Draftsman Jason Peil is the sixth new candidate for Nelson city council. He plans to advocate for a more broad-based approach to development.

Jason Peil joins Nelson council race

Draftsman plans to advocate for broad-based development.

Nelson draftsman Jason Peil has announced as the sixth council candidate in the upcoming municipal election. The 39-year-old father of two, who lives in Rosemont, is running as a progressive candidate with an eye on enhancing the social values of Nelson and encouraging a more broad-based approach to development in the area.

“I’m a thoughtful person about economics, considering my education,” said Peil, who studied economic geography, fine arts and Canadian studies at Simon Fraser University.

“My experience is in development, I’m a land surveying draftsman. I’ve designed a number of subdivisions, parking lots, whatever comes at me. In doing that, I speak with developers. I have a good common sense background and I’ve always had the mindset that development doesn’t have to be at odds with social goals.”

In other words, he plans to advocate for “as much development as possible, as long as it has a heart and as long as it has social goals.”

Which means council shouldn’t only be catering to the wealthy, or looking to profit.

“You have to have a more broad-based approach than simply looking at ‘how much tax are we going to get from this?’”

Peil joins new council candidates Val Warmington, Anna Purcell, Charles Jeanes, John Paolozzi and Michael Dailly. Current council members Robin Cherbo and Bob Adams are running for re-election while councillor Deb Kozak, Mayor John Dooley and retired cop Pat Severyn are in a three-way race for mayor.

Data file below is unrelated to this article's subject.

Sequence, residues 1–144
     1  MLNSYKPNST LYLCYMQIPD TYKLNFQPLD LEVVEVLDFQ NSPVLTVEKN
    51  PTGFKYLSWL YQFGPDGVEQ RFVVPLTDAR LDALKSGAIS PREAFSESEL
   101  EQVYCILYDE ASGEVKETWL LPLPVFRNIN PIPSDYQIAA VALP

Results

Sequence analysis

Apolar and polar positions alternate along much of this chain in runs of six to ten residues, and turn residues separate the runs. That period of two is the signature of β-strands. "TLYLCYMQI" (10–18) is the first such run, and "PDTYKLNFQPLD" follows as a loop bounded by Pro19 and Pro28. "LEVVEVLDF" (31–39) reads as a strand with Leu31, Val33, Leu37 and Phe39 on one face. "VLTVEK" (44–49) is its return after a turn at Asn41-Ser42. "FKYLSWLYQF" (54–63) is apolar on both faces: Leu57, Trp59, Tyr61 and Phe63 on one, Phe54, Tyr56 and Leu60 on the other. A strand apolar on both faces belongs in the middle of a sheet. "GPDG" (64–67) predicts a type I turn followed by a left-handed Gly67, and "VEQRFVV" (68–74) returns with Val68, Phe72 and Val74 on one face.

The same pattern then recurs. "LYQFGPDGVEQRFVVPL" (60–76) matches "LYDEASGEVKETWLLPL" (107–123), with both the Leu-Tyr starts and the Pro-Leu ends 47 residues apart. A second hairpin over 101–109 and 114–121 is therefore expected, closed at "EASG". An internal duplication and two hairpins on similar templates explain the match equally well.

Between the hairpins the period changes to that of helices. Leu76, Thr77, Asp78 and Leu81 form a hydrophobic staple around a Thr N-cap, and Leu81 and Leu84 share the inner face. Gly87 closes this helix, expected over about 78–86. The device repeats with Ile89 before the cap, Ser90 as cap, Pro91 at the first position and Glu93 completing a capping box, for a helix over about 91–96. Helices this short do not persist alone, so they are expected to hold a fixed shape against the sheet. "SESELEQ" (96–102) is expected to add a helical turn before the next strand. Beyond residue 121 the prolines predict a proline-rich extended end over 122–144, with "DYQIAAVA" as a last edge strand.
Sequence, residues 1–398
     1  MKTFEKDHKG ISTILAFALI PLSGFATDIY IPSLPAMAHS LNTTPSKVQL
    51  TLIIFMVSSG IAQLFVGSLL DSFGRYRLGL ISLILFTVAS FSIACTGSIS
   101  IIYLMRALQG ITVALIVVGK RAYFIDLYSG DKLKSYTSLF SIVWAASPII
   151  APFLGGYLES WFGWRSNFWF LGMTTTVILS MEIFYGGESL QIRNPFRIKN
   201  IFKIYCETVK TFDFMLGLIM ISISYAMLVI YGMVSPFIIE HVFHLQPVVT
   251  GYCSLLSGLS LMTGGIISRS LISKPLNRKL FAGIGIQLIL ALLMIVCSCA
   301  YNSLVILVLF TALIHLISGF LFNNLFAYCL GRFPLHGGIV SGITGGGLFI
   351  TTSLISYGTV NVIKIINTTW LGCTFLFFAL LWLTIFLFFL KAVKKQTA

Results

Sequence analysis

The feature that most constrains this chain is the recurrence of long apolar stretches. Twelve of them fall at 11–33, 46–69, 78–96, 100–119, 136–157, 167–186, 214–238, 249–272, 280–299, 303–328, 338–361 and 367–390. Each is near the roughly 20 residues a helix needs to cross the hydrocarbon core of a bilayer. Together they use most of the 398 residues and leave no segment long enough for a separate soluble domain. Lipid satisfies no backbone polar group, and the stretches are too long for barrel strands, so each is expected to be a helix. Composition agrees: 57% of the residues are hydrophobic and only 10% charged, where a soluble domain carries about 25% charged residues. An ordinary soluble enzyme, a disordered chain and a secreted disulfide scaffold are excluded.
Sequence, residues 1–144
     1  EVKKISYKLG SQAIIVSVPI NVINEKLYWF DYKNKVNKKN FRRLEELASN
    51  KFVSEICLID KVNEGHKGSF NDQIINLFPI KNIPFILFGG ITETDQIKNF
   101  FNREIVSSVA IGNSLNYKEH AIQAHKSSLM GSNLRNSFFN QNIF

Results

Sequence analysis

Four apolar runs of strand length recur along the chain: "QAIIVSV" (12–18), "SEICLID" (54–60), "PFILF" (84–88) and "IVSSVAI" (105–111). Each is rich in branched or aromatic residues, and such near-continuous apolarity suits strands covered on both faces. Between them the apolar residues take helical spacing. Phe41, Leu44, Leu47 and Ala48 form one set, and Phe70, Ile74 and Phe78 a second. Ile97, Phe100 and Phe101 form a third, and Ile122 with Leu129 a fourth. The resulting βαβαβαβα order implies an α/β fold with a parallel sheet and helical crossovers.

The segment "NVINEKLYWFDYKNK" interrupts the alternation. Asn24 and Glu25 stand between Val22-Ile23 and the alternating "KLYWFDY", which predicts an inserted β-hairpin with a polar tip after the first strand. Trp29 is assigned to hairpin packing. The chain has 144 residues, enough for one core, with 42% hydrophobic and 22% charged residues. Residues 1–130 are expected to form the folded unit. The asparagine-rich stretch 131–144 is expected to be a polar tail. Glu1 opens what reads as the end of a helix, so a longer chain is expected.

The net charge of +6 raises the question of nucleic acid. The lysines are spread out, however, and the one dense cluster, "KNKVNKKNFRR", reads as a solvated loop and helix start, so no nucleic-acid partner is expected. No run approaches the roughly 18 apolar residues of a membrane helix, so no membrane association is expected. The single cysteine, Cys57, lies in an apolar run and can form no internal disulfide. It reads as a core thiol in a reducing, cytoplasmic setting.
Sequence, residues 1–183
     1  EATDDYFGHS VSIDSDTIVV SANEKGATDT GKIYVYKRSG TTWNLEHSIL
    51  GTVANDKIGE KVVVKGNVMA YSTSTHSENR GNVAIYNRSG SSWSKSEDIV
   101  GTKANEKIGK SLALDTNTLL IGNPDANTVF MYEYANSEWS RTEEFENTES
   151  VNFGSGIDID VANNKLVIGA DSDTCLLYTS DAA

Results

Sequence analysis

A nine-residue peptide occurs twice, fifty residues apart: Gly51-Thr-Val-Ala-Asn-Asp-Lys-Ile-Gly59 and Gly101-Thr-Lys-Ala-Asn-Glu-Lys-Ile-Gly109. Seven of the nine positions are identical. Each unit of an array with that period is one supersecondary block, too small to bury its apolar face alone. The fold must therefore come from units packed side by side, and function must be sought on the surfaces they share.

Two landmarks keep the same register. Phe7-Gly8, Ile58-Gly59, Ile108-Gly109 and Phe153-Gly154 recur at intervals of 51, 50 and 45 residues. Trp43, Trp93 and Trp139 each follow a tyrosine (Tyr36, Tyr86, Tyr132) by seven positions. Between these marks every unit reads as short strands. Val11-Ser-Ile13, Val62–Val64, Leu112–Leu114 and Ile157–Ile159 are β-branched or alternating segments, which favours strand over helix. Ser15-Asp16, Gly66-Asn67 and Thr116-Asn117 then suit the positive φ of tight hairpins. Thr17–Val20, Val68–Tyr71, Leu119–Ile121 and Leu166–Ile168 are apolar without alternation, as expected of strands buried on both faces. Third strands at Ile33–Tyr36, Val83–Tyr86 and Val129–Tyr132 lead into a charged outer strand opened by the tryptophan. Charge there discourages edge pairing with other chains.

Peil said the current council has done a relatively good job over the last term, but he thinks he can bring insight and perspective that has been missing from council chambers. His recent letter to the Star urged those with opposing views to find common ground.

“Let’s respect those differences, and allow them to be there,” he said. “It’s  more important to build bridges between people.”

Peil was formerly the organizer for Kootenay Pride, and he is intensely proud of the LGBT community in Nelson.

“Nelson is unique in all of North America in having a large and active LGBT community that doesn’t have to fight to be respected. At this town, in this time, we’ve really come of age. The amount of general social understanding for LGBT people is really awesome,” he said.

And the arts culture is equally worthy of praise.

“We’re home base for so many creative people of various colours and stripes. I believe a big part of keeping Nelson vibrant is to invest in it. Actually put your money where you mouth is. Actually be the city of festivals if you call yourself the city of festivals. We need to work as a city council to make that happen,” he said.

Peil believes the city could be handling their financial affairs more responsibly by tackling big ideas and taking risks. He was particularly disappointed when a police request for a special mental health car program didn’t happen.

“We should’ve looked at that way more closely. That was an opportunity missed. The police were asking for something really logical, and it would’ve reduced policing budgets on other sides. It would’ve saved us a lot of money in the future.”

Peil is also passionate about cleaning up the streets and providing a safe, drug-free environment for his two children to grow up in.

“I’m not in favour of demonizing people, of bringing them down and making them criminals. But I think the city needs to invest in support for our youth, for people who are homeless, we need to find strategies to reduce poverty and make sure housing is affordable. People who earn minimum wage have a really hard time living here,” he said.

“We’re bringing in people who vote with their dollars. And that’s not helping locals who are already struggling.”

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